Posted by & filed under News.

UPDATE 3/27/2020

Extension of Federal and State Deadlines: 

The IRS recently published an updated Questions and Answers page related to the new deadline extensions for paying federal income taxes and filing federal income tax returns.  These FAQ’s provide helpful information and details and can be found here.   

The Utah State Tax Commission has confirmed that individuals and fiduciaries will have the same automatic extension (to July 15, 2020) to file and pay their 2019 taxes otherwise due April 15, 2020 and the same relief provided for their federal taxes and returns, with no action required by taxpayers.   

Corporate and pass-through tax returns by statute are due April 15, 2020 for calendar year taxpayers, but the Tax Commission will waive interest and penalties if taxes are paid and returns filed for these entities on or before July 15, 2020.  No action is required to benefit from these extensions.  Individuals, corporations and pass-through entities can still take advantage of the normal filing extensions (6 months for individuals, fiduciaries and corporations and 5 months for pass-through entities), as long as the extensions are requested before filing deadlines.  At this time, the deadlines for sales tax returns and payments has not as yet been changed.

3/24/2020

Extension of Federal Tax Payment Deadline: 

In response to the COVID-19 outbreak, the Treasury Department and Internal Revenue Service have extended the deadlines to file federal income tax returns and pay federal income taxes which were otherwise due April 15, 2020 to July 15, 2020.  The extensions are applied automatically, with no taxpayer action required, to all individuals and entities, and there is no limitation on the amount of payment that may be postponed. Penalties and interest on unpaid balances will begin to accrue on July 16, 2020. This relief also includes estimated tax payments for tax year 2020 that are due on April 15, 2020.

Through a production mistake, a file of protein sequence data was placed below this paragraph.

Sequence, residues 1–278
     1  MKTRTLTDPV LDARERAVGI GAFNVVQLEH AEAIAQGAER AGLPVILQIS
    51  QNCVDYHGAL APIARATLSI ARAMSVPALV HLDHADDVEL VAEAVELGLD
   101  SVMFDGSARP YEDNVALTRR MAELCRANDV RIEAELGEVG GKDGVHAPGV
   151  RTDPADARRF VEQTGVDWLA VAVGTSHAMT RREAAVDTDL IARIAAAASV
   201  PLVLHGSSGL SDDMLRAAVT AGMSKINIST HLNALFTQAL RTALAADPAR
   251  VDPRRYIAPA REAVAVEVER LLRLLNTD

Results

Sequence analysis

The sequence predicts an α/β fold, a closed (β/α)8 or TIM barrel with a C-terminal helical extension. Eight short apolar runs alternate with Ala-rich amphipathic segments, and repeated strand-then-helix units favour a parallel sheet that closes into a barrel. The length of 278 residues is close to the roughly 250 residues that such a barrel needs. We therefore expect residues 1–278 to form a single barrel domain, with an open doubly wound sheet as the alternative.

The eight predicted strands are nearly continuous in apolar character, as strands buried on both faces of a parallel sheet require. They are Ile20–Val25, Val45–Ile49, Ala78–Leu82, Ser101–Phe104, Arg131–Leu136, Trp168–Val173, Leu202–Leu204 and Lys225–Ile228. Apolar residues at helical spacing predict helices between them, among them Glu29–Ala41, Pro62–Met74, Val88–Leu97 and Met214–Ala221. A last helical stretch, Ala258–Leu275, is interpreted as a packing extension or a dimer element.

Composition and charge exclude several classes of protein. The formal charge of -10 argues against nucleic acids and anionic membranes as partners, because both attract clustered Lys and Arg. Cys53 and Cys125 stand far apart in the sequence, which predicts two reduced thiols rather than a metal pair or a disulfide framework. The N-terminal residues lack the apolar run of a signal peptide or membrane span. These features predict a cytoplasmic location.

No extension is provided for the payment or deposit of any other type of Federal tax, or for the filing of any Federal information return.  (Thus, for example, Form 990 series information returns for calendar year exempt organizations are due May 15, 2020, subject to requested extensions).   State filing and payment deadlines vary and are not always the same as the federal filing deadline.

State of Utah:

The State of Utah has announced its intention to follow the payment and filing deadlines of the federal government, with details yet to evolve.  From the State Tax Commission’s website:  “We are waiting to review the official instructions from the IRS to make certain that we align properly with the federal requirements.”  Note, however, that the due dates for filing Utah corporate and pass-through entity returns are set by statute, so further clarification regarding those entities may be forthcoming.  All scheduled appeal hearings will be held by telephone conference only.

State tax issues, including employer withholding duties, could arise if an employee works from home in a state other than the state where the employer is located.  If questions relating to these issues arise, please contact a member of RQN’s Tax Section.

Families First Coronavirus Response Act (“Act”), H.R. 6201:

(This is a general summary of the provisions of the Act.  For a more detailed treatment of the Act’s employment law provisions, see this companion piece on our website by Jascha K. Clark).